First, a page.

BACKGROUND AND OBJECTIVES: Community-based residency programs are an important strategy to address rural and underserved primary care shortages, however, health centers report both benefits and challenges to training. This study aims to understand the impact of new Teaching Health Center (THC) residency programs on health center staffing, patient service, quality of care, and provider productivity.
METHODS: Using the Uniform Data System, we used inverse propensity score weighting to create a balanced sample of new THC and non-THC health centers in 2010. Using 2018 data, we applied propensity score weighted regressions to examine changes in staffing, service, quality of care, and productivity in THC versus non-THC health centers.
RESULTS: In 2018, health centers with new THC programs were associated with increased physician (16.40, P<.01) staffing, yet decreased physician visits per full-time equivalent (-425.3, P<.01) relative to non-THC centers. New THC centers had increased delivery visits (231.0, P<.05), and had a greater rate of early entry into prenatal care (4.90%, P<.01).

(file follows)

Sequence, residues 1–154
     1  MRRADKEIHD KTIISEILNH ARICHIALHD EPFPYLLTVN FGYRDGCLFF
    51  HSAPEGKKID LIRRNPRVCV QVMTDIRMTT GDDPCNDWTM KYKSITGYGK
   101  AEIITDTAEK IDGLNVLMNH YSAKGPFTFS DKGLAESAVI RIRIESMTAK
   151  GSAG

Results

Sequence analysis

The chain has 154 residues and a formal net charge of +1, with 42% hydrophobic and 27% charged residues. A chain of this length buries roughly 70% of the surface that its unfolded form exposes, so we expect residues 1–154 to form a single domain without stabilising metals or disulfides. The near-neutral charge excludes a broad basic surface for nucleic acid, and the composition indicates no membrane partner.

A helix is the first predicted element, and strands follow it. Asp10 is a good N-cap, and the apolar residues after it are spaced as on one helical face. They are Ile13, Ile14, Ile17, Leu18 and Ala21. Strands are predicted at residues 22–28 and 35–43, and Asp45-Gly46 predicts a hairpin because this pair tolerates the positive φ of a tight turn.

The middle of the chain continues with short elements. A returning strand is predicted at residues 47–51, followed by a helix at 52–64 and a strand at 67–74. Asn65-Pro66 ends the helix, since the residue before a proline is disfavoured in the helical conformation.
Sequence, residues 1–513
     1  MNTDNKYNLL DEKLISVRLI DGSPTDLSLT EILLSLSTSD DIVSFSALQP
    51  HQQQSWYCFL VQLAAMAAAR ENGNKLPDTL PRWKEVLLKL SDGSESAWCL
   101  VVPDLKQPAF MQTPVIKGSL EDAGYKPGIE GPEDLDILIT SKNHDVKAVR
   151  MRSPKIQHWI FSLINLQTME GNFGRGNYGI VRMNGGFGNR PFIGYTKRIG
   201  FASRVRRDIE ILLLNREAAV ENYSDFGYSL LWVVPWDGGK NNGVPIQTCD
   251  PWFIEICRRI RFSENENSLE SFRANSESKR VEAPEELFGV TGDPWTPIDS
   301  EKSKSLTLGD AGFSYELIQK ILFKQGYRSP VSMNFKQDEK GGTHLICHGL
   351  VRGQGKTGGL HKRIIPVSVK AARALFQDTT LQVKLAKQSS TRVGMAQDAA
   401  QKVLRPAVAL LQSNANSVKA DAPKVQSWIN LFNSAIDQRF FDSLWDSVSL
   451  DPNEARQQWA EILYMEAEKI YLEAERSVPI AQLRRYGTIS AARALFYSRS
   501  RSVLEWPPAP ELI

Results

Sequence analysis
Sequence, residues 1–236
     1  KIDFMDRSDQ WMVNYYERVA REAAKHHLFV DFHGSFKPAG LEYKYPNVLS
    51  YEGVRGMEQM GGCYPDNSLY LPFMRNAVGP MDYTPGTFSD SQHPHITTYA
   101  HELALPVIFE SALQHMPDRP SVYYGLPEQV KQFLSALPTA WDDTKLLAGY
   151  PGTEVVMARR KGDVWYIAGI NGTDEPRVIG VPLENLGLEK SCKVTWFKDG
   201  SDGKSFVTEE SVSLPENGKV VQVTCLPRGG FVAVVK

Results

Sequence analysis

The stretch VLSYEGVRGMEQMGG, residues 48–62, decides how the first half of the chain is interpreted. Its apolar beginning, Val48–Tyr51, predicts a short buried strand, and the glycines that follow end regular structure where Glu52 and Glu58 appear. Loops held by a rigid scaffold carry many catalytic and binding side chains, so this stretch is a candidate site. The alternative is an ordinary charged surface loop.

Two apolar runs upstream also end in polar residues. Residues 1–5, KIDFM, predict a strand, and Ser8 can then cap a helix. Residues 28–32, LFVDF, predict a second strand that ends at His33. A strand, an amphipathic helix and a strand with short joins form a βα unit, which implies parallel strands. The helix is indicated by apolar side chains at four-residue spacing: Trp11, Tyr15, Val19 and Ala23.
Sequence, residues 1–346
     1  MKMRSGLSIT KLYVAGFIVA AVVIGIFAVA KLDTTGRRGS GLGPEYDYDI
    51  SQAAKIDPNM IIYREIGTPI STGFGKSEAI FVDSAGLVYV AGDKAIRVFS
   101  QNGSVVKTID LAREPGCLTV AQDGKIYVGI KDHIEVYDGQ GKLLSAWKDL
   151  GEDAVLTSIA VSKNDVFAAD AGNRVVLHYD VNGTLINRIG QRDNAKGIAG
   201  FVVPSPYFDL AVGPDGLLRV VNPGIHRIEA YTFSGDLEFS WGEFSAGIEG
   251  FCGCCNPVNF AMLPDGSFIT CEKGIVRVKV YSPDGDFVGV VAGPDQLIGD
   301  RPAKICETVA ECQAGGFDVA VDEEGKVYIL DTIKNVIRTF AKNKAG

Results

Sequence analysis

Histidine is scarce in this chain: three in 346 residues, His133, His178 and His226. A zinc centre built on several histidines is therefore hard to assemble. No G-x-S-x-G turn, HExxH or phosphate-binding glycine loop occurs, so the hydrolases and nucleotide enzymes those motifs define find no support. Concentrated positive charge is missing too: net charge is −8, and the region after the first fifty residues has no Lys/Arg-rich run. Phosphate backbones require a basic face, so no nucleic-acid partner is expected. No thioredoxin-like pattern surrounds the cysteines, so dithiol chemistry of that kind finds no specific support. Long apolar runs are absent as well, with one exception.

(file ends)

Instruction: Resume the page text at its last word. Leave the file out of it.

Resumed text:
CONCLUSIONS: New residency programs are associated with increased provider recruitment, expanded patient service, and some improved health outcomes, but also with potential decreased provider productivity in health centers.
Chen, Candice; Chong, Nicholas; Luo, Qian; and Park, Jeongyoung, "Community Health Center Residency Training: Improving Staffing, Service, and Quality" (2021). Health Sciences Education Research. Paper 325.